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  10. gunrunr

    gunrunr Life Member

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    I bought a 7' tiller for behind my little tractor and love it - sold my small disc and my garden tiller soon after.
    Granted, I still have a disc but it is 26' wide and takes the BIG tractor to pull - not the best for food plots and rarely gets hooked up anymore.
    I love how I can take tiller and go into a new spot (even with very heavy sod), drop it down and in one pass i have a seedbed that i can plant that same day
     
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  11. Kaleb

    Kaleb Active Member

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    All depends on size of plot. I’ll bet impact on soil is identical.


    Sent from my iPhone using Tapatalk
     
  12. Jbohn

    Jbohn Active Member

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    I am a tiller man , I do use the disk sometimes depending on the situation . But I still finish with the tiller. Tiller cuts my work in half .. Never go back to the days of Disking only .
     
  13. hans1

    hans1 Active Member

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    Both implements create a hard pan. All will be different due to variables of tractor size, tiller and or disc size and soil condition, real small plots tiller all the way glad I have both. Tiller will need a cultipacker but does produce perfect plot in dry soil.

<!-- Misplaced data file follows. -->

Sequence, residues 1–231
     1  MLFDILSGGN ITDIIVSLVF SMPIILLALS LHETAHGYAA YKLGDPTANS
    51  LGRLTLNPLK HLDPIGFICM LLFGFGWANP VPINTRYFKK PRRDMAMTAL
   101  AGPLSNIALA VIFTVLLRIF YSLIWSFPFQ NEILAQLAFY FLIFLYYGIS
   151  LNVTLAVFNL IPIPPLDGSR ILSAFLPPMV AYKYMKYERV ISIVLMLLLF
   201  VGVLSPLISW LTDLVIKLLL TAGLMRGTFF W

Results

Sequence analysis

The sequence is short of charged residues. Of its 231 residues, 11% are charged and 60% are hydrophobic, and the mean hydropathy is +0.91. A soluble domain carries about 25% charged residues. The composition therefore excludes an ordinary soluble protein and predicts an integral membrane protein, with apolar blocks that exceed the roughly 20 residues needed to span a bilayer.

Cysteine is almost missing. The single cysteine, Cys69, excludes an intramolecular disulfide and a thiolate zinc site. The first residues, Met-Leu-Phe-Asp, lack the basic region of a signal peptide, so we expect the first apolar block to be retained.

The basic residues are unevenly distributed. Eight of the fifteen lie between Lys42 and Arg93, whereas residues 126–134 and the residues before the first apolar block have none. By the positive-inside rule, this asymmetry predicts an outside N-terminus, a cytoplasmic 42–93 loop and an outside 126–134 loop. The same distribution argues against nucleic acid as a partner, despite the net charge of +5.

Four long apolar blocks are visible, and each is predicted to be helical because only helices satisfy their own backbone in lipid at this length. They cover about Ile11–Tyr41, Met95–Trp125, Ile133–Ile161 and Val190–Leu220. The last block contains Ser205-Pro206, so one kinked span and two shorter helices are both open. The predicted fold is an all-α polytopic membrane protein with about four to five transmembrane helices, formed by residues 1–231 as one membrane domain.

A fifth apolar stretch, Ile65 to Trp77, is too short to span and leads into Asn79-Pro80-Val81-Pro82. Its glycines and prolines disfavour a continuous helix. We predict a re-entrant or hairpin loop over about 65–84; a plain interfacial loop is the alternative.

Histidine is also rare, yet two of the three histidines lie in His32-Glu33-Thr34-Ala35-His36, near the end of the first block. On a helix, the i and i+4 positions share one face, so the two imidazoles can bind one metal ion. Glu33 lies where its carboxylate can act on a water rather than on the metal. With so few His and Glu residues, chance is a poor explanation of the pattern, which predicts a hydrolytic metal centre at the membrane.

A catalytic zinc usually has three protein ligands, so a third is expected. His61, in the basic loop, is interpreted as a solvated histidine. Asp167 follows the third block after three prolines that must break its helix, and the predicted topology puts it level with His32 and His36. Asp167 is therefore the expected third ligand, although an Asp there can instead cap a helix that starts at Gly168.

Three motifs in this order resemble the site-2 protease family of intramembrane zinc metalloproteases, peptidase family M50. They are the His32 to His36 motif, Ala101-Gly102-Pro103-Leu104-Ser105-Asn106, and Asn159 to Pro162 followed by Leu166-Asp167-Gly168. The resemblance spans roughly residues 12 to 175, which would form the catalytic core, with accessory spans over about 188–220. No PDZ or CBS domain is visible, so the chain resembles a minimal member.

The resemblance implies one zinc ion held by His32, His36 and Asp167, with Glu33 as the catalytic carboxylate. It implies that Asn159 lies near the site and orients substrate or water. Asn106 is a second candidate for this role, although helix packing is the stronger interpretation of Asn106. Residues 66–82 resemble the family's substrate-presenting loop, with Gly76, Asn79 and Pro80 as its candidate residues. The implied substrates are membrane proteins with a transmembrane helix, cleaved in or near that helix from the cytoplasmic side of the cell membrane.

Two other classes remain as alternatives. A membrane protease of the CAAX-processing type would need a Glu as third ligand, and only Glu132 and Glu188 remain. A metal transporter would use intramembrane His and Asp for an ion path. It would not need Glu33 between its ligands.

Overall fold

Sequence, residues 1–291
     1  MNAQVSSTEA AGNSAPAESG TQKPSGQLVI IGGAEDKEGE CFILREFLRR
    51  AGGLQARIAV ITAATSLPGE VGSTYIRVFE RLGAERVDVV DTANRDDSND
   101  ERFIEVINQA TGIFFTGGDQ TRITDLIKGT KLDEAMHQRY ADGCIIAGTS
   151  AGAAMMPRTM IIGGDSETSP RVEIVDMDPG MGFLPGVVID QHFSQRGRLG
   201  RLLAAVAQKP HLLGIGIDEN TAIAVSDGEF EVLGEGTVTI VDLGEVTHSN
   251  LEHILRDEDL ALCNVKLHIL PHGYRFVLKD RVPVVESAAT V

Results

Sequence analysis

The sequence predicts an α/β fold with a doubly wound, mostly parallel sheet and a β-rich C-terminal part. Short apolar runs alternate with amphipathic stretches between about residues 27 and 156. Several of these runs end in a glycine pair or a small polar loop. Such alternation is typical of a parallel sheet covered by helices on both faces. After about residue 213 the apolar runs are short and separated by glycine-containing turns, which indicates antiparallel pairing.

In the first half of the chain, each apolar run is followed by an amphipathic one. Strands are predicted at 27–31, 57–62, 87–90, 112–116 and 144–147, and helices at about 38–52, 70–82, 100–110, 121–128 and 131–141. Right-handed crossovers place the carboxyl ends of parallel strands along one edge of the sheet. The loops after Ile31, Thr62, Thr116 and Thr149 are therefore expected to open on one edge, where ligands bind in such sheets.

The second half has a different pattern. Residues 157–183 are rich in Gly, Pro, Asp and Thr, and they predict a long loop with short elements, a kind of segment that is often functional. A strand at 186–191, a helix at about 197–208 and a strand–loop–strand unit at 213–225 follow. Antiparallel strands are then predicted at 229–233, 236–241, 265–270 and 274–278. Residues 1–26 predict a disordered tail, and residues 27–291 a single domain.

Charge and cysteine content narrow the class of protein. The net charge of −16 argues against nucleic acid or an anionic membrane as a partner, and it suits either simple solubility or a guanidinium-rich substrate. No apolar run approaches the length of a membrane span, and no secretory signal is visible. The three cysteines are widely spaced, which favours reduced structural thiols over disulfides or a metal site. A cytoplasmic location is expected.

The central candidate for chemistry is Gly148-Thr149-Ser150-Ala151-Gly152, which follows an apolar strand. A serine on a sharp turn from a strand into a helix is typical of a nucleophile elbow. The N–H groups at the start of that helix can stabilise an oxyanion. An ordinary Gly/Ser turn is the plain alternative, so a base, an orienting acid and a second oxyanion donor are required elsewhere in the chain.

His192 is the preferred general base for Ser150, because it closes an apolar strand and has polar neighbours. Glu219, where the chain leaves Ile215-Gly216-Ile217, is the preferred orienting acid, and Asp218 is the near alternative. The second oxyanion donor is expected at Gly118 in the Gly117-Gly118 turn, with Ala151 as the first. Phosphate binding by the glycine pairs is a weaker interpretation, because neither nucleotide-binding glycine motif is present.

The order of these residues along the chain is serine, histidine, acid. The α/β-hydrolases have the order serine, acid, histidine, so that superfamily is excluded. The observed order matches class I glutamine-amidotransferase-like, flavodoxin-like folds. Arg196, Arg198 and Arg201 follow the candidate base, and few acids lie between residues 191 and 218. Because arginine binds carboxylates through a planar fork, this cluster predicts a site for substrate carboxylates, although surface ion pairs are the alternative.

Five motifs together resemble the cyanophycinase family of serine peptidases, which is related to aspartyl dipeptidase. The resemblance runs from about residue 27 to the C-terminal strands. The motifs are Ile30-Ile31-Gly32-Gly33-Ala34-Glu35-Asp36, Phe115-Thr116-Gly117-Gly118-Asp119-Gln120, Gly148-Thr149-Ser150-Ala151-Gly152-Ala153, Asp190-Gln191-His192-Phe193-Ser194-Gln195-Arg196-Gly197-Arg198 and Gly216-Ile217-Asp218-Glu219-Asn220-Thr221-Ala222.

14. MN Slick

    MN Slick PMA Member

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    I was asking more about the effect on the soil between the two. Lots of talk about how working the soil is detrimental to it's health. Anyone having success with throw and mow in Southern IA/Norther MO? I like the concept but it's so damn dry down there it would likely be a recipe for failure.
     
  15. Tmayer13

    Tmayer13 PMA Member

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    IMO I think your be better off saving your money and putting it towards a no-till drill of some sort. I use only atv equipment and next year im going to a no-till system for everything...the weather is so unpredictable, might get rain for a month straight and then dry for the next month.
     
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  16. MN Slick

    MN Slick PMA Member

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    I agree, but damn are they spendy and I have a small tractor and limited acreage that I plant. That said, I'm trying to justify the cost as I type. Lot of money for these deers, LOL.
     
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  17. Sligh1

    Sligh1 Administrator Staff Member

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    This for sure has a million different opinions. All with validity!!! No doubt about it. On any side “well I plant XYZ way and it turns out fantastic!!!”

    Everything has its +/- No doubt. Few lil examples off top of my head....
    With a drill...
    Downside: u need to treat the urea or use liquid so it doesn’t evaporate. Dealing with trash & residue is more difficult. Depth & seeding rates need tweaked. They are “somewhat expensive”, more on that in sec. can be heavy. Bigger equipment needed in some cases.
    Upside: one pass & done. No disc/til, pack, spread, pack. Less equipment. Not hard on pto like tiller, way way less fuel used. Way less weed pressure: more successful plots, less spraying & less failures. Little to no erosion!!! Keeps moisture in the soil!!!
    Can buy a used old drill, 5-7’ for $1500-4500 depending on what. I have a 2 box tye drill that’s 3 point, I think it’s 5’. $1500 & works great!!!